Successful innovation pays. An investment of $100 made in the MSCI World Index in 2005 would have been worth $251 at the end of 2019. The same $100 invested in BCG’s 50 most innovative companies (assuming annual reweighting) would have grown to $327—30% more. Over the 15 years that we have produced this report, the top innovators have outperformed the companies in the MSCI index by more than 1 percentage point a year on sales growth and by 2 percentage points annually on total shareholder return (TSR).
Everyone knows the parable of the blind men and the elephant: each man can feel and describe a part of the animal, but none of them can get a sense of the whole. Elephants are big; innovation systems are complicated and multifaceted. They involve people and teams from multiple functions. They can have lots of moving organizational parts: R&D, ecosystem partners, incubators, accelerators, and corporate venture funds, for example. They include decision-making systems, processes to guide activities, as well as many less tangible factors such as embedded tools, capabilities, and cultural norms of behavior. In recent years, we have examined specific aspects of such systems: how successful innovators source ideas, how they collaborate, how they organize to support innovation, and how they incorporate new technologies into their programs.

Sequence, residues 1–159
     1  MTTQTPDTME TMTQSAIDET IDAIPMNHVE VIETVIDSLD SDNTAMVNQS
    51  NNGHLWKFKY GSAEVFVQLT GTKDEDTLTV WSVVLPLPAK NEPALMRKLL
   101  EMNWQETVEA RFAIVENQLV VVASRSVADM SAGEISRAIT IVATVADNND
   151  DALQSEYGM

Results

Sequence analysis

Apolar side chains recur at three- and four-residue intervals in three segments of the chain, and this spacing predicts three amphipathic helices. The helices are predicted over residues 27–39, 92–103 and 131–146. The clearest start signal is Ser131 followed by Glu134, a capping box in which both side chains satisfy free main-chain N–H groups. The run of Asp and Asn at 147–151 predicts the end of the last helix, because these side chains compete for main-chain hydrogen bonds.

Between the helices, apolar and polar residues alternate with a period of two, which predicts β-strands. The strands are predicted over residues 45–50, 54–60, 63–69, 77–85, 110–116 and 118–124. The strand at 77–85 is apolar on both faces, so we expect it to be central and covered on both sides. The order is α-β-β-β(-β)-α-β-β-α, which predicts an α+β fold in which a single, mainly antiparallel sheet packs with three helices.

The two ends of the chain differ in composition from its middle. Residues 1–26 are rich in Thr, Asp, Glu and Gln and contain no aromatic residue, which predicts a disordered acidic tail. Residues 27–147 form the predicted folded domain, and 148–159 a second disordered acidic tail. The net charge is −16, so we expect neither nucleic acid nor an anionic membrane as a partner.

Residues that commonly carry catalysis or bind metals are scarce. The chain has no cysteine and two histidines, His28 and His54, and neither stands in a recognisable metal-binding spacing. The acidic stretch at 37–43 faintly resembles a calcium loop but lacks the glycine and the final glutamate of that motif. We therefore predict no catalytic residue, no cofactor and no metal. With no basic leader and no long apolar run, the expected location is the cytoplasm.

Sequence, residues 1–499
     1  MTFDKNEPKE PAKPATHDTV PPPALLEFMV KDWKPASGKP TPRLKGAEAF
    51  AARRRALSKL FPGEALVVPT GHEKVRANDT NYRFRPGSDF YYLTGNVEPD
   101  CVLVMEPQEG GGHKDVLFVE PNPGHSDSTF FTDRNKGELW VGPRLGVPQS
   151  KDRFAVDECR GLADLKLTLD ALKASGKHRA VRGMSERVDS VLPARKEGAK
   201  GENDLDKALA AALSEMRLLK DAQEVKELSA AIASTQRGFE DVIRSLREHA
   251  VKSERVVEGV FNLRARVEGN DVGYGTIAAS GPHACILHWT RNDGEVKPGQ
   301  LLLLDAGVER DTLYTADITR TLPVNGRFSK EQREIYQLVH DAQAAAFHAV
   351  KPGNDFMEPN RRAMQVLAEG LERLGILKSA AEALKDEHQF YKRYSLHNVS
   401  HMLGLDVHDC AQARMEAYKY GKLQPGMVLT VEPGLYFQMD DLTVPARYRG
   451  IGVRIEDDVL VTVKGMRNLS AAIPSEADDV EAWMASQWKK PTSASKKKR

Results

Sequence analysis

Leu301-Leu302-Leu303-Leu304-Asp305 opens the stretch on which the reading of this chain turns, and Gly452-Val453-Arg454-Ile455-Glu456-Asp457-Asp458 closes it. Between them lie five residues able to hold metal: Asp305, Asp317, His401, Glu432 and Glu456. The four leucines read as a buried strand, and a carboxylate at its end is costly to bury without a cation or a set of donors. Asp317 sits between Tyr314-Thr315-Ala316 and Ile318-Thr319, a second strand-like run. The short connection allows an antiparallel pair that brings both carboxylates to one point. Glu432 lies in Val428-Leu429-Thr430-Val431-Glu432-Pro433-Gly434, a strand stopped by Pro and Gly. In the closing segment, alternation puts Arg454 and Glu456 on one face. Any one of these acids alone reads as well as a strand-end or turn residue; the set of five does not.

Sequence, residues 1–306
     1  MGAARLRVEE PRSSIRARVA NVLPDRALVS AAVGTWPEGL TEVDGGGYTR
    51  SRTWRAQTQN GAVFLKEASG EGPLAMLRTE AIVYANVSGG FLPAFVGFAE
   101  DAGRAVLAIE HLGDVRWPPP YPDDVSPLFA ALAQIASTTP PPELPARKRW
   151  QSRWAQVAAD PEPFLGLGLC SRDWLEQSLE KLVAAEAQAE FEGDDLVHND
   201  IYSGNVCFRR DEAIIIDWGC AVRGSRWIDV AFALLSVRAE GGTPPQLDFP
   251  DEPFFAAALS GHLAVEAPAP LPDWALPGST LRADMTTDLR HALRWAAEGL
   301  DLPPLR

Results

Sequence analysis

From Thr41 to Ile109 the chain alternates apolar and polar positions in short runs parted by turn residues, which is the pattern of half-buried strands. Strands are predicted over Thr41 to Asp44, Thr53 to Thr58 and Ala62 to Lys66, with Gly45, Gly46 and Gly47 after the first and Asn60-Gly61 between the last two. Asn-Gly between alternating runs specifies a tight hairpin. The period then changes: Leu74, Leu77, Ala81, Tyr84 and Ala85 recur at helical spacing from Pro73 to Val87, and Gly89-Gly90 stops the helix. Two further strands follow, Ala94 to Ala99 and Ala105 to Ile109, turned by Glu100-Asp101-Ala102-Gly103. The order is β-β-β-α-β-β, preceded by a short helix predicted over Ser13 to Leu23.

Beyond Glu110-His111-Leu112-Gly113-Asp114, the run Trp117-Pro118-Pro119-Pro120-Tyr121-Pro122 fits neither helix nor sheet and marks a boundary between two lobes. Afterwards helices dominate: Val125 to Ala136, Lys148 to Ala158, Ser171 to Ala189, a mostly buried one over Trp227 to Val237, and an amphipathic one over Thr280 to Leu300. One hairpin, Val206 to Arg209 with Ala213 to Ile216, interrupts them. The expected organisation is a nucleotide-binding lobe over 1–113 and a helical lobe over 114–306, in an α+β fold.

Companies with strong innovation systems do all these things well. But that’s often not enough. Innovation systems are dynamic. They need to be designed and regularly reworked to deliver the desired level of organic profitable growth—but they always need to be seen as a whole. On the basis of our research and experience, we assess innovation systems on ten elements. Seven relate to the innovation platforms and organization that set ambition, define innovation domains, delimit roles, shape portfolios, and measure and reward performance. And three are associated with the actual practice of moving a portfolio of projects to impact. (See Exhibit 2.)